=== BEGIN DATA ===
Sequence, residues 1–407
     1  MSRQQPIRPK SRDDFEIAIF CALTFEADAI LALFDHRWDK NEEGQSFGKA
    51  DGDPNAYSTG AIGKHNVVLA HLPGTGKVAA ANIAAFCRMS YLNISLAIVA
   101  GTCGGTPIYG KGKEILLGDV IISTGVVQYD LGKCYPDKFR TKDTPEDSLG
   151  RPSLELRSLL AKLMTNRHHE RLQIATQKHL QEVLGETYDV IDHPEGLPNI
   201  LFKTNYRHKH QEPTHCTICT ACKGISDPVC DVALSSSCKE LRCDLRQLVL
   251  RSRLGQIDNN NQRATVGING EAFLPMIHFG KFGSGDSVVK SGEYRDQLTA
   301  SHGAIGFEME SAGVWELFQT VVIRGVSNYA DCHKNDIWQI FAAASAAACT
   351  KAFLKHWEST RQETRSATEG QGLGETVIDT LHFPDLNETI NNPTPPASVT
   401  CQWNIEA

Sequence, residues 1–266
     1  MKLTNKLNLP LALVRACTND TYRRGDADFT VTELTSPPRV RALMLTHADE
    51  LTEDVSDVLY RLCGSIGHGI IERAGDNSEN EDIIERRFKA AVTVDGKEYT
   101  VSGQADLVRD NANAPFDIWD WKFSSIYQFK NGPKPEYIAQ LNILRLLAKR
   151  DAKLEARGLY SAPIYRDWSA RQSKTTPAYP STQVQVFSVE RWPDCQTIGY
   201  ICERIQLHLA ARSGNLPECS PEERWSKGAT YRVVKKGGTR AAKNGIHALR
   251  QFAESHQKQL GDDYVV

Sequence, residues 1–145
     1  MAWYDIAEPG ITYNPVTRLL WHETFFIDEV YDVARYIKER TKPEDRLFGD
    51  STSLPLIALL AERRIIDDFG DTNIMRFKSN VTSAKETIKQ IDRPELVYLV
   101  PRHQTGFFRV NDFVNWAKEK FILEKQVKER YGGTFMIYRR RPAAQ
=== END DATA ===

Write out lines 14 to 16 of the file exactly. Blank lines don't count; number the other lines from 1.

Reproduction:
   101  VSGQADLVRD NANAPFDIWD WKFSSIYQFK NGPKPEYIAQ LNILRLLAKR
   151  DAKLEARGLY SAPIYRDWSA RQSKTTPAYP STQVQVFSVE RWPDCQTIGY
   201  ICERIQLHLA ARSGNLPECS PEERWSKGAT YRVVKKGGTR AAKNGIHALR